Stephen Farry stated:
“The basis of these reports does seem to indicate a strengthening of the draft protocols tabled by the Government, but Alliance will await their formal publication before rendering judgement.
“Alliance has always been clear that community restorative justice
schemes must be a complement not an alternative to the legitimate criminal
justice system. At a time, when the PSNI is the most scrutinised and accountable police service in the world, it would be crazy for the government to legitimise such functions in the hands of outside organisations without putting in place similar safeguards.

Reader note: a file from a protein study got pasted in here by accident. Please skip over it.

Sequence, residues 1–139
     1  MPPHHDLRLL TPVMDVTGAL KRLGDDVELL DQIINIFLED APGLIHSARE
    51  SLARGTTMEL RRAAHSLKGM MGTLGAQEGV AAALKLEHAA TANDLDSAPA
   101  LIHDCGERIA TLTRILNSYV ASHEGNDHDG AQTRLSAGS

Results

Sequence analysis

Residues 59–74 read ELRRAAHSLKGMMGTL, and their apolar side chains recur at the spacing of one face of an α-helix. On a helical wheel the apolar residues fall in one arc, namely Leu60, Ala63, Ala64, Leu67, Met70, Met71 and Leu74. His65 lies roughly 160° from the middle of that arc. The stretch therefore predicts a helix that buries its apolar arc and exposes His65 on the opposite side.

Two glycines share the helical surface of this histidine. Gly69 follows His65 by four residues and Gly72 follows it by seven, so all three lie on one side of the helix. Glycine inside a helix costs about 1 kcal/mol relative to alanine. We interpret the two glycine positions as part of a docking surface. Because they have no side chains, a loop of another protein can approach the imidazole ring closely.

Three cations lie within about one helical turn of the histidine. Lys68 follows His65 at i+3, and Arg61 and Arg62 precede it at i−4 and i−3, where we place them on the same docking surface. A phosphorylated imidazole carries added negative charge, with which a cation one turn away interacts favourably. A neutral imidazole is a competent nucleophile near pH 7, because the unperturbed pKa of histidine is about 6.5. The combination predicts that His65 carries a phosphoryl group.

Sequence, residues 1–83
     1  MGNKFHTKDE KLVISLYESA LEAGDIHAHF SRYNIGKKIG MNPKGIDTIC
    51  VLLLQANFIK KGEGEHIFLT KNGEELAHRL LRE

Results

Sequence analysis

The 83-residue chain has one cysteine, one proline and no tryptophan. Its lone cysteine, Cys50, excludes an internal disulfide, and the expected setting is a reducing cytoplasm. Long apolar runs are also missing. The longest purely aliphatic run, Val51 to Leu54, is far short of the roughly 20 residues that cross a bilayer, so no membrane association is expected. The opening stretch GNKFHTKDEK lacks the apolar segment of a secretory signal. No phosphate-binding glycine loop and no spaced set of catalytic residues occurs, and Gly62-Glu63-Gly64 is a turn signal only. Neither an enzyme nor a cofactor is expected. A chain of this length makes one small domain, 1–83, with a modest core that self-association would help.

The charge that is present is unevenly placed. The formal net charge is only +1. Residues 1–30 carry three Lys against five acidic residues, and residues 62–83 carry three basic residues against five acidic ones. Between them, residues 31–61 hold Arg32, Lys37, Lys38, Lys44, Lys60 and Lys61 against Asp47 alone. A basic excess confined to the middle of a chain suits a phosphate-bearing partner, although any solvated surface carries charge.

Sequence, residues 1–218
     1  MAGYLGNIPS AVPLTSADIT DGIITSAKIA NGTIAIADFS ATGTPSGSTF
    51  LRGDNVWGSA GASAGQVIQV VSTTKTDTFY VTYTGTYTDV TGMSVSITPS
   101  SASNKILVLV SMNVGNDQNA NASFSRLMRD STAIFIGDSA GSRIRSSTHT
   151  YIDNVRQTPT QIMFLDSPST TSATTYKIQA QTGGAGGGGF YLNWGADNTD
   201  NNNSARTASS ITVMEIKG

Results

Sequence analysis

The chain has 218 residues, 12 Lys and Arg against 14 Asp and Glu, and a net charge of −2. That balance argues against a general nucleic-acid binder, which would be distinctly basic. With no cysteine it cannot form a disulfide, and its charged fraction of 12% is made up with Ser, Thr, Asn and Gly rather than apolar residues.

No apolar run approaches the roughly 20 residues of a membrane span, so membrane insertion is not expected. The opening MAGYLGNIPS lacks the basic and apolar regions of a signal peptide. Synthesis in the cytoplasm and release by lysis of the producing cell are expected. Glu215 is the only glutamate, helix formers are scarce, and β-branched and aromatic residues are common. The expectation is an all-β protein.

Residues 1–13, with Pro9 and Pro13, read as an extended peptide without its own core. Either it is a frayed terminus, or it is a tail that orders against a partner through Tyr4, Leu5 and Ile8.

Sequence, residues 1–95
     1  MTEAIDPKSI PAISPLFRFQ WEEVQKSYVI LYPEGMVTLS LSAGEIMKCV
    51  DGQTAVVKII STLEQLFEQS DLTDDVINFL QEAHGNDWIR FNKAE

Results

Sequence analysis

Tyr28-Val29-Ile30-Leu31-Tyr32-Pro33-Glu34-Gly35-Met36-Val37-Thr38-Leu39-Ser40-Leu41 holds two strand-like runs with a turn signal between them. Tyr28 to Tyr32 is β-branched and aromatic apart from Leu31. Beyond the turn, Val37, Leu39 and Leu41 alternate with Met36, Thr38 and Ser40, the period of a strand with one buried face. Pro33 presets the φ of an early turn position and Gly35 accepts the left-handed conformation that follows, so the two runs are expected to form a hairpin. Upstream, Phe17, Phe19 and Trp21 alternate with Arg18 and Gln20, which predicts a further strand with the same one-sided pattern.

“While restorative justice may have an important role in addressing low-level crime, people are rightly fearful that such schemes are only a further guise for paramilitary elements to exercise control over local communities. Those with a paramilitary past are entitled to play a role in their communities, but with those with a paramilitary present are not.
“I am encouraged by reports that all such schemes must work closely with the police. This must mean the police authorising the use of a restorative approach, and having full access to all evidence. There cannot be any scope for middle-men in this relationship. If the operators of such schemes are not prepared to recognise the lawful authorities in the state, then their commitment to operate in accordance with the highest human rights standards and the rule of law will inevitably be in question.
“Alliance is also concerned to ensure that any system for complaints and inspection is also matched by a system for verification of new projects before they commence and ensuring that those involved have been appropriately trained.”